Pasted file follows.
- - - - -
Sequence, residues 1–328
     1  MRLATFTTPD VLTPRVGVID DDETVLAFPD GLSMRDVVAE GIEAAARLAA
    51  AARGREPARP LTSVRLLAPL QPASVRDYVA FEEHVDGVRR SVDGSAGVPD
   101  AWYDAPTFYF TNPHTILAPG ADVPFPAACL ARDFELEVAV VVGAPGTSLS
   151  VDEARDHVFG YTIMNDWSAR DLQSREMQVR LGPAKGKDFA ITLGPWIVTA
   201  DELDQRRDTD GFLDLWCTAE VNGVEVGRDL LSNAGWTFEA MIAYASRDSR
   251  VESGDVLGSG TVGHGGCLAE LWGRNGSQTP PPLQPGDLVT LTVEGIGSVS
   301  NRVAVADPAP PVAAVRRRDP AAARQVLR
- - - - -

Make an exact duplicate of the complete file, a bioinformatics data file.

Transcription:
Sequence, residues 1–328
     1  MRLATFTTPD VLTPRVGVID DDETVLAFPD GLSMRDVVAE GIEAAARLAA
    51  AARGREPARP LTSVRLLAPL QPASVRDYVA FEEHVDGVRR SVDGSAGVPD
   101  AWYDAPTFYF TNPHTILAPG ADVPFPAACL ARDFELEVAV VVGAPGTSLS
   151  VDEARDHVFG YTIMNDWSAR DLQSREMQVR LGPAKGKDFA ITLGPWIVTA
   201  DELDQRRDTD GFLDLWCTAE VNGVEVGRDL LSNAGWTFEA MIAYASRDSR
   251  VESGDVLGSG TVGHGGCLAE LWGRNGSQTP PPLQPGDLVT LTVEGIGSVS
   301  NRVAVADPAP PVAAVRRRDP AAARQVLR